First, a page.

New rules risk serious disruption to the food supply chain

04 December 2018

BRUSSELS – 4 December 2018: Independent Retail Europe is convinced that new EU rules on Business to Business Unfair Trading Practices in the Food Supply Chain will create serious distortions and unfairness in the food supply chain in Europe. The new rules are likely to be agreed this week. (Full press release here)

Else Groen, Director General of Independent Retail Europe commented “this proposal is a one-way street that aims at increasing farmers’ incomes by protecting SME farmers, processors and manufacturers against unfair trading practices by large retailers. Retailers, large or small, cannot be protected by this legislation even though they are subject to unfair practices from their suppliers.”

The EU is also planning to expand the protections given to SMEs farmers and manufacturers to large food manufacturers and processors. In addition, the EU will penalise small retailers, who have no bargaining power, by giving powerful suppliers the right to complain against SME retailers through perverse relative market power rules.  “Where is the fairness in this? Powerful suppliers can complain against small and mid-sized retailers but those retailers are unable to complain about unfair behaviour from those suppliers,” added Else Groen.

Else Groen also warned “Member States should also realise that this goes beyond minimum harmonisation as it overturns existing EU and national laws. Size alone cannot be a proxy for negotiating power, this depends more directly on the type of product in question, the sector, the level of competition in the local market, and the possibility to substitute the product. Comparing the number of employees in manufacturing and in retail is also an inappropriate measure of relative market power. Manufacturing is largely automated, whereas retail requires large numbers of employees to staff check outs, counters and warehouses as well as stack shelves. In short, retailers risk to be doubly penalised under any such approach.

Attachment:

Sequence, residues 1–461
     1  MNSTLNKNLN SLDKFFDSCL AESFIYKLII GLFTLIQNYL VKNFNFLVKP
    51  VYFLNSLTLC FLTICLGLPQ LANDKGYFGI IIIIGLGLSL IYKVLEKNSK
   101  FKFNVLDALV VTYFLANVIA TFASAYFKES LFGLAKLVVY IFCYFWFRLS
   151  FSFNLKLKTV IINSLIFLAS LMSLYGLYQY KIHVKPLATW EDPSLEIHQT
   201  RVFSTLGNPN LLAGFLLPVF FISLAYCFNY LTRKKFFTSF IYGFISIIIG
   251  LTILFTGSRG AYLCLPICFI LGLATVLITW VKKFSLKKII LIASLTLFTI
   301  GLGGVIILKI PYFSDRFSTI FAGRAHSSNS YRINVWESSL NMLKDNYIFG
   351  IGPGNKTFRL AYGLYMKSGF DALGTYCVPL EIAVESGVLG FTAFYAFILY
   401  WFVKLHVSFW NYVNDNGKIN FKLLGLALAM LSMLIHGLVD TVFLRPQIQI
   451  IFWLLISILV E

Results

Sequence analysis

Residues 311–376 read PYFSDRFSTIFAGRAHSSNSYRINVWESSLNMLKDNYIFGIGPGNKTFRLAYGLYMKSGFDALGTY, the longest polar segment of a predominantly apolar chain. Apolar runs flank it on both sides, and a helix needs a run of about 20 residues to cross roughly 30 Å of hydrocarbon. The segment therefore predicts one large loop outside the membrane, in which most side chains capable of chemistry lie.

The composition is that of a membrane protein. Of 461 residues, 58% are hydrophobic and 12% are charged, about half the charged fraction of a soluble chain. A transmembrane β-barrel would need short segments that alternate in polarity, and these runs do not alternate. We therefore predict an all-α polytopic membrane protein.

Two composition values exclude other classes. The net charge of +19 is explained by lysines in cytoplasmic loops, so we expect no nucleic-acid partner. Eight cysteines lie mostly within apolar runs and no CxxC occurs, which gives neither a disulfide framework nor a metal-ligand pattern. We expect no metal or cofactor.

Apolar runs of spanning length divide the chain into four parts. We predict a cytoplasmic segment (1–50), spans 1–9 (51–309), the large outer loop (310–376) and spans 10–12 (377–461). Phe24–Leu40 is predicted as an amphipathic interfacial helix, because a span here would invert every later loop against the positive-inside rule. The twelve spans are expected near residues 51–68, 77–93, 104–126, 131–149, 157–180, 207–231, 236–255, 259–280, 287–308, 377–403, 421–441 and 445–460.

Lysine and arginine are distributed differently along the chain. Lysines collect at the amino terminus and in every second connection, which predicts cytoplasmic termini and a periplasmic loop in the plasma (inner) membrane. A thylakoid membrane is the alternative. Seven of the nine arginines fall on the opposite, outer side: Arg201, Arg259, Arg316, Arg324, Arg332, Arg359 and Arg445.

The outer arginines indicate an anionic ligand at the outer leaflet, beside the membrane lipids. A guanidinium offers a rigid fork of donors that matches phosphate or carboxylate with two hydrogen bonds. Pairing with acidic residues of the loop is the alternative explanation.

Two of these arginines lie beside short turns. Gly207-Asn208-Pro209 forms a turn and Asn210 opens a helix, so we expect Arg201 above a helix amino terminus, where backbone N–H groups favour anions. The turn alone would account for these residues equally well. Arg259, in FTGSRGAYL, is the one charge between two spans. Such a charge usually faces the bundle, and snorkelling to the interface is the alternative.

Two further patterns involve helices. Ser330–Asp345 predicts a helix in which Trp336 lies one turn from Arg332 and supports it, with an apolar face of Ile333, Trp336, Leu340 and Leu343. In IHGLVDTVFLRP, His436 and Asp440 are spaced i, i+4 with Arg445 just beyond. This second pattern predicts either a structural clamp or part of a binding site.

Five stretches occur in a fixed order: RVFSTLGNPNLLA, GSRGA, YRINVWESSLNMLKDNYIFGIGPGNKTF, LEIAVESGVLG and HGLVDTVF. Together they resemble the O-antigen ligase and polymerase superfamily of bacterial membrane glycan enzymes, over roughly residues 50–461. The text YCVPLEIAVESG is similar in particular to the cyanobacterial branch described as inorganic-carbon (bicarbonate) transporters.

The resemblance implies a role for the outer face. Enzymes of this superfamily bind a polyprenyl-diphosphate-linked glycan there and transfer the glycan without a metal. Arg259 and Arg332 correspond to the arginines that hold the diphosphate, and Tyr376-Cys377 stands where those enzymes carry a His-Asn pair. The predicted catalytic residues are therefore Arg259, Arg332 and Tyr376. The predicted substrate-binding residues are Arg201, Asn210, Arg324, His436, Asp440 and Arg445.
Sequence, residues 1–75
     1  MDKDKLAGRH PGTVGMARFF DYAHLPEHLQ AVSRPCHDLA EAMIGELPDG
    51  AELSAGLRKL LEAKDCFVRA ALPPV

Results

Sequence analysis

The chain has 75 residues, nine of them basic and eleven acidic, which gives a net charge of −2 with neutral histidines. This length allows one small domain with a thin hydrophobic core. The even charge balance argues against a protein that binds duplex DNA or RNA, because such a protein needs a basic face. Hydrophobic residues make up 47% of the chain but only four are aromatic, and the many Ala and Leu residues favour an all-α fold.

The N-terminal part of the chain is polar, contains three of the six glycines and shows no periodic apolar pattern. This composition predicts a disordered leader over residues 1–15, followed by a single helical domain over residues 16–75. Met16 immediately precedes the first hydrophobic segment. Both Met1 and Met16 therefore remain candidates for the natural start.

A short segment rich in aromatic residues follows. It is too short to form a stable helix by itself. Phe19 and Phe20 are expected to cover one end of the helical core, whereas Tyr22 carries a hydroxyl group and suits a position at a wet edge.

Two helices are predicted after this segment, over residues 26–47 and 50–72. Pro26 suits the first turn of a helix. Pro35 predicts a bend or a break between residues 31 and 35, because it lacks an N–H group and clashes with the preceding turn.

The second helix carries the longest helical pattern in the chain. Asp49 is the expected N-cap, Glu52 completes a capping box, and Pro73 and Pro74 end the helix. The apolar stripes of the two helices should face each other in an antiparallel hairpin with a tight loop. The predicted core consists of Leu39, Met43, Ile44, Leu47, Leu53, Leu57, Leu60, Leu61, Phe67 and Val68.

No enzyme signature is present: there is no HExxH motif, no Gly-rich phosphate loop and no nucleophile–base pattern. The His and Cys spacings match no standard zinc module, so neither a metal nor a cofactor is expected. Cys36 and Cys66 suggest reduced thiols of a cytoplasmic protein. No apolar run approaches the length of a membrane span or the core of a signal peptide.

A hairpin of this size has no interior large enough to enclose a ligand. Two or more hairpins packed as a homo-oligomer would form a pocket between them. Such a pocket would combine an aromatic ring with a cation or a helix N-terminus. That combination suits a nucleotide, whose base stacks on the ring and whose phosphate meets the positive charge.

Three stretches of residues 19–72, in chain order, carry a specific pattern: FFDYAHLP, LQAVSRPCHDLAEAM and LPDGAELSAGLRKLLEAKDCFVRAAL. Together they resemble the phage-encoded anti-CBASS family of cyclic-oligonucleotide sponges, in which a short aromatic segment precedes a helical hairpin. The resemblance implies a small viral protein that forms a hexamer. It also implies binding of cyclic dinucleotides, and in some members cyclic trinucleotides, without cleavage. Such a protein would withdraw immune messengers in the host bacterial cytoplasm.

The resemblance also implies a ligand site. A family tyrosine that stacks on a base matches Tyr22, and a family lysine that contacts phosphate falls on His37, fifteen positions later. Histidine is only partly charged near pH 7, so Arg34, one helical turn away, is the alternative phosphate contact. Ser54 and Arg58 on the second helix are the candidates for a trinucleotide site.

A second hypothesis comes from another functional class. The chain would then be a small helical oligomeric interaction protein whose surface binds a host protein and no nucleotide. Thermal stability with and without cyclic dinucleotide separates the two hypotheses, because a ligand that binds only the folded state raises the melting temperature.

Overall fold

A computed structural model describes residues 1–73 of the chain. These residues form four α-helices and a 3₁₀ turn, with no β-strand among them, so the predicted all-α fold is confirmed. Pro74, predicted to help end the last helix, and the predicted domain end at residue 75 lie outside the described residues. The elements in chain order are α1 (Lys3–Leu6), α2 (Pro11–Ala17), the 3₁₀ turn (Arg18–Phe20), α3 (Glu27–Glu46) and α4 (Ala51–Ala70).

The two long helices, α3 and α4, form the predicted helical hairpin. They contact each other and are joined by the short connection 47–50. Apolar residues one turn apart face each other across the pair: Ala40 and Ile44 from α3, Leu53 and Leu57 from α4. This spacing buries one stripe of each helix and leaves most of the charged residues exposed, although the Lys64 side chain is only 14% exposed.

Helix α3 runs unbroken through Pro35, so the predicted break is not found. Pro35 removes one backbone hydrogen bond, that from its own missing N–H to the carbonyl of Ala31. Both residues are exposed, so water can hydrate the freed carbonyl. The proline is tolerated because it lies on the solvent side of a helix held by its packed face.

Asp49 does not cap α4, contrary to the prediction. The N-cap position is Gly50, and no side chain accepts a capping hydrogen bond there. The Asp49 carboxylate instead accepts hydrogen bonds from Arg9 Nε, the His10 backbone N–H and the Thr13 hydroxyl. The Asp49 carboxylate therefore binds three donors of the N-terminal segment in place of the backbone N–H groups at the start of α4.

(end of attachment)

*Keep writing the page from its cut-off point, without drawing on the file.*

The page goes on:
These ideas will negatively affect the competitiveness of local, smaller retailers, who are in many countries already in a weak competitive situation, as they will refrain from negotiating. This will inevitably lead to higher consumer prices as their trading partners will be able to impose their conditions and prices. Ironically, it is often these smaller retailers that can still be found in rural areas and actually help farmers to reach a wide range of customers.”

- ENDS -

For further information, please contact:

Else Groen, Director General

+32 2 732 46 60


Note to Editor: Independent Retail Europe represents groups of independent retailers at EU level. We group together over 373,000 independent retailers across Europe, with a combined retail and wholesale turnover of over 1 trillion euros. Our members are directly responsible for over 6.34 million jobs in the European retail sector.


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